Interiors of town Roman-Catholic church and a restorant Golden Peacock
| Beregovo, a Ukrainian Town with a Foreign Touch|
For me, when I go abroad, the feeling that I am in a foreign Land comes not because of architecture that looks different from my native place, or because people in the streets look different, but through the signs on the stores and the language I hear spoken around me. When I went to the town of Beregovo, a regional centre in Zakarpatska Oblast (Transcarpathian Region), Ukraine.. I experienced a strange feeling that I was abroad, though I had not crossed the Ukrainian border.
| Hungarian roots|
The locals often call their town Beregsas, the it used to be called before it was renamed Beregovo. In 1991, Beregovo Rayon (in Ukraine, rayon is an administrative division of a larger administrative unit, Oblast) was given the status of a Hungarian autonomous enclave. The signs are written in Hungarian and Ukrainian; in some cases, those who wrote the signs were evidently not .sure what the proper Ukrainian idiom should be used, and resolved the problem by using the simplest words they could think of. There are two state flags hoisted above the building of the municipal council — the Hungarian and Ukrainian ones. On the doors of shops, cafes and restaurants I saw an abbreviation, za K.Ch.., which followed the figures indicating the time the place was open. It was explained to me that the abbreviation stood “za kyivskym chasom”, that is "Kiev time."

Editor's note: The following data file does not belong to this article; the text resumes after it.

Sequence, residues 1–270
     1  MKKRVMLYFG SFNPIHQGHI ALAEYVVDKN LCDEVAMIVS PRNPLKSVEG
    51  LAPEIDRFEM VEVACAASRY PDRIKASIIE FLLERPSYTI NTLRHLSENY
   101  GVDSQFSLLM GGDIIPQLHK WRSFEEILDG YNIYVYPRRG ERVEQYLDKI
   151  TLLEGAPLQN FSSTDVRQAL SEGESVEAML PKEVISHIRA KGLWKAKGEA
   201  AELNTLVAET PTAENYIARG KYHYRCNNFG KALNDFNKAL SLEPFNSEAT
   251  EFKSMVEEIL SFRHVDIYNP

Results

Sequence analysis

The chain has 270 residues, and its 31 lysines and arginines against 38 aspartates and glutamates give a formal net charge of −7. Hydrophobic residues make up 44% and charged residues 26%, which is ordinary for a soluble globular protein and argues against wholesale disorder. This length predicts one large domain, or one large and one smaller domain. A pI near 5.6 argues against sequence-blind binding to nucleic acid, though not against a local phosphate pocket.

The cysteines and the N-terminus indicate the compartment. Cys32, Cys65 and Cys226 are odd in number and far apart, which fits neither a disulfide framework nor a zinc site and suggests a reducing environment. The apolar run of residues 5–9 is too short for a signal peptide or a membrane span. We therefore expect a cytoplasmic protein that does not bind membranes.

Most of the memorial plaques I saw had the Hungarian state symbol on them which indicated that these plaques were put up in commemoration of someone Hungarian. The biggest church in town is not Orthodox but Lutheran. It took me some time to get adjusted to the fact that even such familiar words as Shevchenko, for example, in the names of places or institutions, looked exotic - Sevscenko.
The people of Beregovo are friendly and smiling, but it was difficult to make myself understood when I stopped someone the street asking for directions. I did feel as though it was Hungary rather than in Ukraine. I was reminded I was still Ukraine came when on the day when the 175th Anniversary of Shevchcnko's birth was marked - I saw a local school adorned with flower garlands and with a big portrait of the great Ukrainian poet.